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PASSIVE RFID TAGS Ali Sadeq Abdulhadi Jalal Assistant Professor, SMIEE College of Information Engineering, Al-Nahrain University 10070, Al-Jadriya Complex, Baghdad, Iraq E-mail: [email protected]
, [email protected]
(Correspondent) Hand Phone: +964-790-1750151 RFID stands for Radio Frequency IDentification. The ability to access information through a non-line-of-sight storage in a tag can be utilized for the identification of goods, locations, animals, and people. RFID tagging overcomes the limitations of optical barcodes, which are line-of-sight and weather dependent and need manual operation. The three basic components of a typical RFID system are; an antenna or coil, a transceiver (reader with decoder), and a transponder (RFID tag) with electronically programmed information. Most RFID tags are comprised of an antenna and integrated circuit (IC). Passive tags do not have any on-board power supply. RFID tags, which use on-board power supply (such as batteries) are called active RFID tags. Passive RFID tags offer lower prices at the cost of shorter reading ranges (up to 3 m) when compared to the more expensive long-range active RFID tags (read up to 100 m). Therefore, efforts have been put in developing chipless RFID tags with no ICs to reduce the cost of the tag. So far, the only promising chipless RFID tag is the surface acoustic wave (SAW) tag. A comparison made between SAW tags and IC-based semiconductor device. A novel classification of passive RFID transponders based on a comprehensive literature review is also presented. Keywords: passive; transponder/tag; Radio Frequency Identification (RFID); Surface Acoustic Wave (SAW). INTRODUCTION The first RFID systems appeared during World War II for identification of airplanes. Two key issues must be considered for the design of an RFID system. First, the number of possible codes that can be stored in a tag; second, the capability of manipulating and communicating information. Nowadays, tags are produced at low cost because of the continuous progress of semiconductor technology. Tags with a chip size on the order of 1 mm 2 and smaller are being fabricated using lithographic technologies. They operate in the GHz range, where sufficiently wide frequency bands are available. The use of the unlicensed Industrial, Scientific and Medical (ISM) frequency bands with limited radiated power, allowed for a practically unlimited number of codes to be written and read at microsecond time intervals. Potential applications of RFID systems include but are not limited to: • Traffic control of vehicles, wagons, ships, etc., • Identification of containers, pallets, bags in airports, etc., • Individual goods control and inventory in stocks, shops, etc., • Tracing of animals and products of animal origin, • Tracking of wild animals, marking of trees in forests, etc., • Access to buildings, parking, restricted areas, computers, etc., • Ambient assisted living for the disabled and the elderly, • Identification of parts, equipment, machines, and cars assembled on conveyer lines, • Tracing of dangerous and explosive substances, and • Security and guard services. Digital Communication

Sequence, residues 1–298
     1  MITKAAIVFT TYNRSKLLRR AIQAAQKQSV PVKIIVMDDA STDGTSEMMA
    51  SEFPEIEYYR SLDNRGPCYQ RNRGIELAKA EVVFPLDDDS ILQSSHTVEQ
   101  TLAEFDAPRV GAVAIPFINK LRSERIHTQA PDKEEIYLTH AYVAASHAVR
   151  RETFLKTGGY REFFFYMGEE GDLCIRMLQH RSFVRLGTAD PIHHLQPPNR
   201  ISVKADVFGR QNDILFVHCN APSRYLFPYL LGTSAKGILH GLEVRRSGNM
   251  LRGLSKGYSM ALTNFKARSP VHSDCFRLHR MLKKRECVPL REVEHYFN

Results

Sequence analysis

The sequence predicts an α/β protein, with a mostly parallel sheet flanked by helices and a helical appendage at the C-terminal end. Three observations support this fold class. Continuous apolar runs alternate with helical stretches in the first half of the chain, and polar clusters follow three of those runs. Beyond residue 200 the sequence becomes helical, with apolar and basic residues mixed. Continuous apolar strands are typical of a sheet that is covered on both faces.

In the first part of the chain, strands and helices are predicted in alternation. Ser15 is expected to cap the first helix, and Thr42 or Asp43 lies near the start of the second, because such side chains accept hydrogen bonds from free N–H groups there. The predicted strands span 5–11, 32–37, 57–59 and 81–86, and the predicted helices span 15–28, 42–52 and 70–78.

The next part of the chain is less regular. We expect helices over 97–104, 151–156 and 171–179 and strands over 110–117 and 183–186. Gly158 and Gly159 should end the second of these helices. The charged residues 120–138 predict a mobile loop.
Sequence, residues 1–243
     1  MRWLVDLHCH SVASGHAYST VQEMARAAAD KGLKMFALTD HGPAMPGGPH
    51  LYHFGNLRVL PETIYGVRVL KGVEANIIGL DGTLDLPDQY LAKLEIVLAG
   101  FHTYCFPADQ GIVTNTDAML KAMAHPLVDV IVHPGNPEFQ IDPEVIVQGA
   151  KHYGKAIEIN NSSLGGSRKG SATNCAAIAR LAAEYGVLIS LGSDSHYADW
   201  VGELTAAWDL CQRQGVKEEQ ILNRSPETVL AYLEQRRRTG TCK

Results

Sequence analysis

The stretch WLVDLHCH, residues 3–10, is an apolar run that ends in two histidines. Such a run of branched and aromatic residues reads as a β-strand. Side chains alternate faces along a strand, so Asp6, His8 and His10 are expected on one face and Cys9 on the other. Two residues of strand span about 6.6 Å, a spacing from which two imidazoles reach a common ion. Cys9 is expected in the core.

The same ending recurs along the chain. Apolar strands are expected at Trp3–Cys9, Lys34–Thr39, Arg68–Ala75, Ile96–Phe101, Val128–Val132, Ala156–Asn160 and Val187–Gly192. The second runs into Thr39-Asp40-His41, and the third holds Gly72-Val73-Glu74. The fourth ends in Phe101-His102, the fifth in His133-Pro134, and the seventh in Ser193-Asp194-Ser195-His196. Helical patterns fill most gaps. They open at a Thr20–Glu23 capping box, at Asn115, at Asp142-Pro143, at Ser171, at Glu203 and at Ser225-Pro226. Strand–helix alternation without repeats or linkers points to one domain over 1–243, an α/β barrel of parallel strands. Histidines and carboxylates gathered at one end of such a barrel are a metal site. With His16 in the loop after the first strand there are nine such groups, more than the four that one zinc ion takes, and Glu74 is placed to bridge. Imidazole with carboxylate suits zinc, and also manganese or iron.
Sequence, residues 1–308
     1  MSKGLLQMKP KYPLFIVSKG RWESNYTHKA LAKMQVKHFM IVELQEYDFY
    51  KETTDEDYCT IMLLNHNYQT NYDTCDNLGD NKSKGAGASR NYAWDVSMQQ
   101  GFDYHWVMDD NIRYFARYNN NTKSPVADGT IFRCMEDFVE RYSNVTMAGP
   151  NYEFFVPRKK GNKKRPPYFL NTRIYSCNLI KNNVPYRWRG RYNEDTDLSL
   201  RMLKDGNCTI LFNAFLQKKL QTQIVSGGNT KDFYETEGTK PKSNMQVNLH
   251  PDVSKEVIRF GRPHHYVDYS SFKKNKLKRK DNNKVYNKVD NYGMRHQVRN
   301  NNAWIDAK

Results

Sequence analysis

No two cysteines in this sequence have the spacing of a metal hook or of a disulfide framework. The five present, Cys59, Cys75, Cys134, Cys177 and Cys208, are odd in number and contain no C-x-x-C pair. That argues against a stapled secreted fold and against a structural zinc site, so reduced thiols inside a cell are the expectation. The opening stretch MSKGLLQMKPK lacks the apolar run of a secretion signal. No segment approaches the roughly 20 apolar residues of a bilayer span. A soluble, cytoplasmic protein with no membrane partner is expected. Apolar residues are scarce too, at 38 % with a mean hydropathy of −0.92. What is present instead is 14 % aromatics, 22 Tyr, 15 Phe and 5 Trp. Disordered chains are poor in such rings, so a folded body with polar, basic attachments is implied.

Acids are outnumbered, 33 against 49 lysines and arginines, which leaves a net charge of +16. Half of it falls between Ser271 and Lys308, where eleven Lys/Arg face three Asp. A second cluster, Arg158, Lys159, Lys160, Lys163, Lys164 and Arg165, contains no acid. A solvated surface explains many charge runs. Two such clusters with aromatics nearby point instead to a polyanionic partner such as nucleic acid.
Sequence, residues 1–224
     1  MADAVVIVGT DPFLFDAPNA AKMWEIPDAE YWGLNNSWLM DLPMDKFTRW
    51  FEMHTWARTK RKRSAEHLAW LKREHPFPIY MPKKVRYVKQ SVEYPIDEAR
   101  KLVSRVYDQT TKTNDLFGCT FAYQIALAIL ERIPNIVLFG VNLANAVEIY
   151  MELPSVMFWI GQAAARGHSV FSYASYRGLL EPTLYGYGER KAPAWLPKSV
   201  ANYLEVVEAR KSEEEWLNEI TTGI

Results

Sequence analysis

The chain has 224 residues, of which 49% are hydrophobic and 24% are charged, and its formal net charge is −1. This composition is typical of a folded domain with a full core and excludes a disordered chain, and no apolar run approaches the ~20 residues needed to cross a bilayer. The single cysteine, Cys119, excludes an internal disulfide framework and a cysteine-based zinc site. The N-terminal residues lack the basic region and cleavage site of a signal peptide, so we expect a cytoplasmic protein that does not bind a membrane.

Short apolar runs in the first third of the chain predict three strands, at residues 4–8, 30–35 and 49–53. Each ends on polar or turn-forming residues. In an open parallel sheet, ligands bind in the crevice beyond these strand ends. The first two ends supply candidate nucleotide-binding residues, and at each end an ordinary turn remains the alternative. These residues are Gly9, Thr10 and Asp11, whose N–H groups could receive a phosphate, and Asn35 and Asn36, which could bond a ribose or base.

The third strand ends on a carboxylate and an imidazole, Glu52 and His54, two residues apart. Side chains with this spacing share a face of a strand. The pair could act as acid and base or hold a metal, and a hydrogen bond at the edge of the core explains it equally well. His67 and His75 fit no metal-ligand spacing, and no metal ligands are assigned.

Figure 1. RFID system block diagram.
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A typical RFID system, as shown in Figure 1, consists of an RFID tag which carries the ID data, an RFID interrogator/reader, which interrogates the tag and extracts the data from it, and application software acting as an interface between the user and the RFID system. In brief, RFID technology is based on radio waves in order to transmit data by the reader to the tag, and in return, it receives modulated returned echoes from the tag via the reader. The tag modulates the EM wave and transmits the data back to the reader, where it is processed for real-time ID, asset tracking, security surveillance and many other authentication and management purposes. Silicon-based RFID tags are generally classified into three major types based on their power supplies; active tags, semiactive tags and passive tags. Active RFID tags have an on-board power supply in the form of a battery. It uses the battery power to amplify the interrogating signal. Therefore, active tags do not need to use the RF interrogating signal to energize the tag for data processing and hence possess a longer reading range. Active tags can generally be differentiated by their digital section. The digital section provides the ID code as well as embedded security protocols and encryption techniques. The data processing and protocol execution are controlled by the processor, which, in some cases, has additional coprocessors to perform the encryption and data processing instructions (Kossel et al., 1999). Although the active tag has an on-board power supply, additional techniques for extending the battery life with low-power consumption have been implemented in the form of sleep modes (Kossel et al., 1999). Active tags that do not detect the interrogation zone of a reader go into a sleep mode, and thus they do not waste power (Kossel et al., 1999). The most significant advantage of active RFID tags is that they are reprogrammable, and therefore, can be used on a variety of items repetitively until the battery power is exhausted. Semiactive RFID tags have the provision of an on-board power supply for minor signal processing tasks but this power is not utilized for amplification of the received and transmitted signals. Thus a semiactive tag consumes much less power from the onboard battery and has a longer life compared to an active tag. Semiactive tags have less reading ranges compared to an active tag due to this budgeted power allocation that is dedicated only for the signal processing unit. Therefore, the semiactive tag is an intermediate approach compared to a fully active tag and a battery-less fully passive tag. Passive RFID tags do not have an on-board power supply and therefore rely only on the RF interrogating power emitted from the reader for both data processing and transmission. Accordingly, some passive tags perform data processing, but others do not. Passive tags are usually in the form of Electronic Article Surveillance (EAS) tags commonly found in retail shops for security purposes or might be chipless as surface acoustic wave (SAW) tags (Kossel et al., 1999).